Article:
In a blatant contradiction, NSW police have collected almost $500,000 in fines from motorists flashing their headlights over the same five years a NSW road safety ad claimed motorists’ lives would have been saved if they had known about a speed camera.
The fines were imposed on motorists flashing their headlights at approaching vehicles, presumably to warn them of a police speed trap ahead.
This is despite the Transport for NSW ad campaign run over the same period which stated: “If he had known there was a speed camera ahead, he would have slowed down and survived.”
Flashing your lights is the most popular method for motorists to warn others of a speed camera ahead. Based on the ad, it could also be one of the most effective methods of saving motorists’ lives.
Yet at the same time as the ad was being run, police pulled over 4736 motorists and slapped them with fines of up to $110 and one demerit point for doing exactly what could have prevented a fatality.
It’s an extreme contradiction!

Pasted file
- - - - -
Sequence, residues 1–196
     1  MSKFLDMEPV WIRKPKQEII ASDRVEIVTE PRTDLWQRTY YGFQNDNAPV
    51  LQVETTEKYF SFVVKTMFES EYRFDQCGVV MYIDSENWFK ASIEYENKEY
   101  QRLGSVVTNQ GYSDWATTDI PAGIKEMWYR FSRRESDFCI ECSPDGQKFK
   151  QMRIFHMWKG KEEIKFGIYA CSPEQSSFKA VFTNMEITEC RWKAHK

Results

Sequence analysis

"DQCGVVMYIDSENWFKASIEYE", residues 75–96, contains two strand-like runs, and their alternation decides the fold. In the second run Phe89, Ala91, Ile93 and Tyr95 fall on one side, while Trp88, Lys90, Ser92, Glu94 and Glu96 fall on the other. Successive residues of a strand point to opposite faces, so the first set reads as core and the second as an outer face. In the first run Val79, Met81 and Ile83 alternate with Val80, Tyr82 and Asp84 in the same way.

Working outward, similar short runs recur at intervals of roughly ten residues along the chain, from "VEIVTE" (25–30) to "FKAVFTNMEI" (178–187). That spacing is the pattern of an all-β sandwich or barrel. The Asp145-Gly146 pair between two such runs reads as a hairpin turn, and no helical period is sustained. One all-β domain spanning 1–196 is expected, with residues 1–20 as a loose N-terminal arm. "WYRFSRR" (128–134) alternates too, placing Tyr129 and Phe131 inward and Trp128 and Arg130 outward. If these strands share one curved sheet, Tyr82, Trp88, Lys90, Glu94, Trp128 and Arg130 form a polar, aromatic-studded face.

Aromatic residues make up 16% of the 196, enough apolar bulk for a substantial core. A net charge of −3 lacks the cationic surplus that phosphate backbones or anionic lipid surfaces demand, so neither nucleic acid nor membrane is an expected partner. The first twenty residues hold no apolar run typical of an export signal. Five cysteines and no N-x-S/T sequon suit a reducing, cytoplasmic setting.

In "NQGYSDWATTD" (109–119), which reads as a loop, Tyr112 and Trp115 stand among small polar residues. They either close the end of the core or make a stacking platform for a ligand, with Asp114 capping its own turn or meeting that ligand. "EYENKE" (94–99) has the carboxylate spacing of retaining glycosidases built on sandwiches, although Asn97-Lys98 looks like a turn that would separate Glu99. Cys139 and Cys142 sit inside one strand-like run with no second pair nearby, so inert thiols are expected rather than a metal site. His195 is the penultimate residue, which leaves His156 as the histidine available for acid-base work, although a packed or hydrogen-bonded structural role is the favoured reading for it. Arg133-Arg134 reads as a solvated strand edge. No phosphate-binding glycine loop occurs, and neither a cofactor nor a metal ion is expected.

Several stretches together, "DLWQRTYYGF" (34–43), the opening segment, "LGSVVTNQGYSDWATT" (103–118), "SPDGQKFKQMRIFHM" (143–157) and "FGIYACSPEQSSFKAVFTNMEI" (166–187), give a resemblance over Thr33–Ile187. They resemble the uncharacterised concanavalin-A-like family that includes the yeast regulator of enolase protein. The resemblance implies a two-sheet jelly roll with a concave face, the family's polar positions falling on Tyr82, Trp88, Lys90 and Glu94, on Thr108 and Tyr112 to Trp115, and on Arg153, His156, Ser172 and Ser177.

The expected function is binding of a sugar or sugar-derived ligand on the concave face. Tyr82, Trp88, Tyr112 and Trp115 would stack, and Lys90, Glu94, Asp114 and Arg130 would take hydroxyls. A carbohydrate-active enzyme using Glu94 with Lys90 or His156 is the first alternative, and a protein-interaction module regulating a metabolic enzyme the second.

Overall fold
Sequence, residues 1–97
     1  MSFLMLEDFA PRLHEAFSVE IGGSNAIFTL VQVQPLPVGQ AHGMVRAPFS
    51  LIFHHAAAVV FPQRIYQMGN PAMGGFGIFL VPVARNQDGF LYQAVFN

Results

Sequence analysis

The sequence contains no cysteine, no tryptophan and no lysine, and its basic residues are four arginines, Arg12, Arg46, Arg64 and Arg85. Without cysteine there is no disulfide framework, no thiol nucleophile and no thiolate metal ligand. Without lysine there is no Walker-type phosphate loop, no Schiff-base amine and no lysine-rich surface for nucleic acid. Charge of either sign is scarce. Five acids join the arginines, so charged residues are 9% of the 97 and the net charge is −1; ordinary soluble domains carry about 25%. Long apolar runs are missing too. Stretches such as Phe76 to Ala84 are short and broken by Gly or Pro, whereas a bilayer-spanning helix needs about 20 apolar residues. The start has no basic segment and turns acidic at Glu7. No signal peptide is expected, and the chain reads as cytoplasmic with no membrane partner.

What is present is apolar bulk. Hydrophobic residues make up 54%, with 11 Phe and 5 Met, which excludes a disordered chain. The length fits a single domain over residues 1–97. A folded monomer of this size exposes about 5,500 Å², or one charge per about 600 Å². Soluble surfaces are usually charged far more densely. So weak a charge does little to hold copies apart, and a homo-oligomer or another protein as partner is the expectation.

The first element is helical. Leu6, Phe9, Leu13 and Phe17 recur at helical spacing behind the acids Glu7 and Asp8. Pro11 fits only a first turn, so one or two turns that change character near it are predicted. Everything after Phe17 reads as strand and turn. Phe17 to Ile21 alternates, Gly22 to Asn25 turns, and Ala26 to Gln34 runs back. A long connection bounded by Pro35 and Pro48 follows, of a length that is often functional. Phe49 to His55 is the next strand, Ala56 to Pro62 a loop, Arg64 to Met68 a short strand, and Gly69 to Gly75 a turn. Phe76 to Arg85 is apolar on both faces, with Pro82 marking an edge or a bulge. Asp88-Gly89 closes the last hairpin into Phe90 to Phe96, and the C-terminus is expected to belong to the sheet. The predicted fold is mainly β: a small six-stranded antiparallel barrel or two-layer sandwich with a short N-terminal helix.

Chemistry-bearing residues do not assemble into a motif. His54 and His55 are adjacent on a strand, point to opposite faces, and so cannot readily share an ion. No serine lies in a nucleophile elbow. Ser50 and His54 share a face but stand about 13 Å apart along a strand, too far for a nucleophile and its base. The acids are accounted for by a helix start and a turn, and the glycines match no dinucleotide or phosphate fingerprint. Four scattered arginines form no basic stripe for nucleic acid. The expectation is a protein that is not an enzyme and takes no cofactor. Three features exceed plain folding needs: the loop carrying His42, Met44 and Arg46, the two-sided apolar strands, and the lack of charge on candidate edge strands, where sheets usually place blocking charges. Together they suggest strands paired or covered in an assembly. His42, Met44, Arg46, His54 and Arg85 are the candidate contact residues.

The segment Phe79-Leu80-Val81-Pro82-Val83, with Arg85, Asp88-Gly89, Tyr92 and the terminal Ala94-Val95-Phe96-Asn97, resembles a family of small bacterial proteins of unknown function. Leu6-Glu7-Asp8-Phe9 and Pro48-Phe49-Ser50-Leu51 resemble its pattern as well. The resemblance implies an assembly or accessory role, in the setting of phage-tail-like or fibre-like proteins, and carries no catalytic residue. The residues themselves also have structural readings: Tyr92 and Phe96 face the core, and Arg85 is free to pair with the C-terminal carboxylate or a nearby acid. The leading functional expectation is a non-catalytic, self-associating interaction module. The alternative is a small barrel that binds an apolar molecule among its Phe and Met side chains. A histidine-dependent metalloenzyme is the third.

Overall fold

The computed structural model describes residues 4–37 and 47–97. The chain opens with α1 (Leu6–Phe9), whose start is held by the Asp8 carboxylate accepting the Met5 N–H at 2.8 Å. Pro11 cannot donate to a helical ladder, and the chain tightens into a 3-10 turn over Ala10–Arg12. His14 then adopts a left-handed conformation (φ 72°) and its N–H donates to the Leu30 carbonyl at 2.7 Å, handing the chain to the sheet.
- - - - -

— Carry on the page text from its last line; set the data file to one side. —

The ad was part of the Transport for NSW ad ‘Speed Cameras – Slow Down’ campaign. The campaign has since been retired.
This NSW example is just one contradiction in the mixed road safety messages from police and transport authorities.
Support for flashing
Our article about riders warning others of speed cameras or police activity ahead has been met with a majority of support from riders who say they do it most of the time.
That is despite the fact that they face a fine of more than $100 and one demerit point.
Australian Road Rules (2006) Section 218 says you can’t flash high beams within 200m of an approaching vehicle as it can startle other motorists.
Seems strange in the daytime that a 100-watt headlight bulb could be dazzling when there is a multi-billion-watt lightbulb in the sky! Admittedly, it can be a problem at night.
We can’t recommend people break the law, but you might also consider hand gestures to warn other motorists.
Some police say such warnings prevent them from the execution of their duty.
However, we say that is yet another contradiction.
Surely we are assisting police in the execution of their duties – that is if their duty is to make our roads safer and slow down motorists at that particular “black spot” as determined by the positioning of a radar unit!
If police duties are to collect revenue, then, yes, we are preventing them from doing their tax-collecting “duty”.
It seems the collecting of revenue is quite lucrative not just from speeding motorists, but those trying to do the right thing in warning other motorists to slow down.